Events Now Visible On Google Maps

Scott Lambert


Google Maps has now added events mark-up to its business information on Android and on its desktop setting, expanding the potential for its use in local search. This is a change that opens up lots of possibilities for businesses running events and for events venues themselves; it may even motivate some venues to start holding events for the first time.

Google is pulling some of its events information from sites such as Eventbrite and Eventful, but businesses can also add events directly. Titles are quite restricted and are not allowed to be promotional; however, events can be added to one of several categories, enabling users to search by category to see what is happening in their local areas.

This gives businesses the opportunity to use events to target and connect with particular demographics, either to appeal to the sort of people they already know are likely to find their products or services appealing or to expand their reach into new communities.

The additional local search potential generated by the extension to Android will be particularly important to the events venues themselves and makes it all the more important for such businesses to keep up with updates. Being visible on mobile is increasingly important in order to keep up with a population adjusting to making decisions at the last minute and – often – on the move, especially for places running lunchtime and late evening events when people are already likely to be out and about.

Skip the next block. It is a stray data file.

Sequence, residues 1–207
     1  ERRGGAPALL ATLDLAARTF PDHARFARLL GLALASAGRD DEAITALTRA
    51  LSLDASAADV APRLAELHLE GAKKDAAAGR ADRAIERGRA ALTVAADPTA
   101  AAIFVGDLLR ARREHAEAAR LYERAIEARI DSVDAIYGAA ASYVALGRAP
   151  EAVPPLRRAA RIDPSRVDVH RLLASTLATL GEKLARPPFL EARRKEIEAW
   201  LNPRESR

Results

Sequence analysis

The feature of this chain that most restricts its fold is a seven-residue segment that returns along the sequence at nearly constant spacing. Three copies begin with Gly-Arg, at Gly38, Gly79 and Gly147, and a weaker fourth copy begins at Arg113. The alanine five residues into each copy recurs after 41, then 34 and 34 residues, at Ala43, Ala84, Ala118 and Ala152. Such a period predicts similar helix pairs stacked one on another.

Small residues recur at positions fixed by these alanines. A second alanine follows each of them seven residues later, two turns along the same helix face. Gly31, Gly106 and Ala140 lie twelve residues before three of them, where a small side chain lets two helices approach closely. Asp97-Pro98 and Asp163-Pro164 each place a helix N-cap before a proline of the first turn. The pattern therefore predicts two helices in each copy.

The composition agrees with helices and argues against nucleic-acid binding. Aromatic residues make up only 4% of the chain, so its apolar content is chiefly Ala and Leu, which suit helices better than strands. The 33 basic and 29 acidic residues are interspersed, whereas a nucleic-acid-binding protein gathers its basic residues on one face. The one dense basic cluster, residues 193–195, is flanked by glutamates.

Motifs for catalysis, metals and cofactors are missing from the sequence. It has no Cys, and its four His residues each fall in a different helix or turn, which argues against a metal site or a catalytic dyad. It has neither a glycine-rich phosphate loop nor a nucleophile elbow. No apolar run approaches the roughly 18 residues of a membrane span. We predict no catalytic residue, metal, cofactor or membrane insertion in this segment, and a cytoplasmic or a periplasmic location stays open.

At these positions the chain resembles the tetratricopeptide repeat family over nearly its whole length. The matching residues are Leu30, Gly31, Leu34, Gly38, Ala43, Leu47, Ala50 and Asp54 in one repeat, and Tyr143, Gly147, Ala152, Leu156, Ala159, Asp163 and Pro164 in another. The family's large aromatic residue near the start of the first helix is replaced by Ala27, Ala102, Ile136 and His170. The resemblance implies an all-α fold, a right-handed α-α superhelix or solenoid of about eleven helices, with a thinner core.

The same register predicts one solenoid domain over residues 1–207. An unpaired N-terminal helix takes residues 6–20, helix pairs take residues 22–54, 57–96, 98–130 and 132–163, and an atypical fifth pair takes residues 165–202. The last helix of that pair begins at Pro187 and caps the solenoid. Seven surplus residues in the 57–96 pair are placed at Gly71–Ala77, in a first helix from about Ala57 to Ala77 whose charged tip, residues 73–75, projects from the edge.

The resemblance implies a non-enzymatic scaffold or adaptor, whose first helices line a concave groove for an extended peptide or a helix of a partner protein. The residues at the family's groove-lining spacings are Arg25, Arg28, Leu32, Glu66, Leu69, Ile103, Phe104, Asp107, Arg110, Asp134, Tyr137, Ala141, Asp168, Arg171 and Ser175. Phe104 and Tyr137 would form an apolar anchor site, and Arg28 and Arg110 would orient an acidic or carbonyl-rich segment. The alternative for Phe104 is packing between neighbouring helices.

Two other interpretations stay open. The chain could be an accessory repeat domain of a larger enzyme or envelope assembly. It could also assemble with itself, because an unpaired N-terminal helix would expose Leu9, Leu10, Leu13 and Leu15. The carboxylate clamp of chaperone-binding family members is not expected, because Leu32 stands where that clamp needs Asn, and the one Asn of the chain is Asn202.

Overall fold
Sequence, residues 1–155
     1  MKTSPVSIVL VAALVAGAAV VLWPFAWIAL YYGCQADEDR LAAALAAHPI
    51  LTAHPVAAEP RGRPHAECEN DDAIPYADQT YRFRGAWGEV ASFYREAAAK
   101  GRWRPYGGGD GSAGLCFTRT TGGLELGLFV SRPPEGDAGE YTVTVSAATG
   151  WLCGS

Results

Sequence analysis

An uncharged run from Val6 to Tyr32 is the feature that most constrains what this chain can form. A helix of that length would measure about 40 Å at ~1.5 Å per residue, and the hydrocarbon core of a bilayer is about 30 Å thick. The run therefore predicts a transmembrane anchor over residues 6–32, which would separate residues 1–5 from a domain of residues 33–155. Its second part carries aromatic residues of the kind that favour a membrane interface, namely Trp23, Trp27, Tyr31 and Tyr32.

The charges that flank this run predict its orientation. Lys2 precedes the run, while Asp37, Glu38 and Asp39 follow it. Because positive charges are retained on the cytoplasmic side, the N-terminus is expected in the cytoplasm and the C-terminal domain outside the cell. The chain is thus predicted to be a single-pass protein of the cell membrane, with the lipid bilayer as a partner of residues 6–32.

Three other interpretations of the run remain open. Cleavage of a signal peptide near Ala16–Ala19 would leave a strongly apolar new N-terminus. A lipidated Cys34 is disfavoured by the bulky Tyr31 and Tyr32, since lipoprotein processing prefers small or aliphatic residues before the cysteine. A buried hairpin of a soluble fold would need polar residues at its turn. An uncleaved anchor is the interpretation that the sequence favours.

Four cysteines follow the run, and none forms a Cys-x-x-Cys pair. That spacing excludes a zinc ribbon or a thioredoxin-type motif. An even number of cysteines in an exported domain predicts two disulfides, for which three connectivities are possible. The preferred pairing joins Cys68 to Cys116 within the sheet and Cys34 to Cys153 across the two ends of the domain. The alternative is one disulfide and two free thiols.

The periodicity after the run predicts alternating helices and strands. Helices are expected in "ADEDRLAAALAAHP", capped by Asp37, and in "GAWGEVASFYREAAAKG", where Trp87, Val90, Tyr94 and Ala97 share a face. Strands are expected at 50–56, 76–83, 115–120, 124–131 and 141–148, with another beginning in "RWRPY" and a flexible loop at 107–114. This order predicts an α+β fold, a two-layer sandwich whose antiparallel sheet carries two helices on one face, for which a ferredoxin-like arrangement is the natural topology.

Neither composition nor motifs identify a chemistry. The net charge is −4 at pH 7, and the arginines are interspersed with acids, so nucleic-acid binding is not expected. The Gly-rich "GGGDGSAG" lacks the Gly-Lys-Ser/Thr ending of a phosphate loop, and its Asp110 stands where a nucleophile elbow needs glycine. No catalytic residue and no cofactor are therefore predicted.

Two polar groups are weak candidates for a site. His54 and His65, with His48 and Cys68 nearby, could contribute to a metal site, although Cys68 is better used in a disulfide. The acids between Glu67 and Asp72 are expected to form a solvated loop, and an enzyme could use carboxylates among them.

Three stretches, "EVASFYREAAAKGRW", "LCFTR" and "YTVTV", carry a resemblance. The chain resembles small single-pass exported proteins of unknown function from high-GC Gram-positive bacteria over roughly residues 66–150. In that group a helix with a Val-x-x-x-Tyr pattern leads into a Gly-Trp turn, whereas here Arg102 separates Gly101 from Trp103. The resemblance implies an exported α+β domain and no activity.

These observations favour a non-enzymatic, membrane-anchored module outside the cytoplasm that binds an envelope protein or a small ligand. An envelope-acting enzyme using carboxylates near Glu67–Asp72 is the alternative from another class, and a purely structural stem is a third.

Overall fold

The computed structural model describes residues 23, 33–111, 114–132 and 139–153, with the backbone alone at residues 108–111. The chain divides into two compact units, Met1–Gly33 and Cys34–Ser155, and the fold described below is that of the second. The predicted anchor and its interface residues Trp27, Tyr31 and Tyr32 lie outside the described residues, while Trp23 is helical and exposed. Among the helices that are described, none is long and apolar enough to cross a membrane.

Many owners of small venues such as diners, bars and even youth-focused stores have discovered that putting on events or gigs from time to time increases trade. Now that such events are more widely and more immediately visible, there is an increased risk that places without events will miss out. It is becoming increasingly important to have something good to offer that is easy to evaluate online in order to compete.

Meanwhile, businesses that have never run events before might want to take advantage of this increasing connectivity and think about ways of reaching out to surrounding communities; in this way, next time they turn up in a local search they will benefit from greater name recognition and improved local reputations. Even those whose areas of trade do not directly lend themselves to social activity may find that they can benefit from sponsoring events and getting their names in the event details section so that their support is visible not only to actual attendees but also to online passers-by.

Topics: Local Search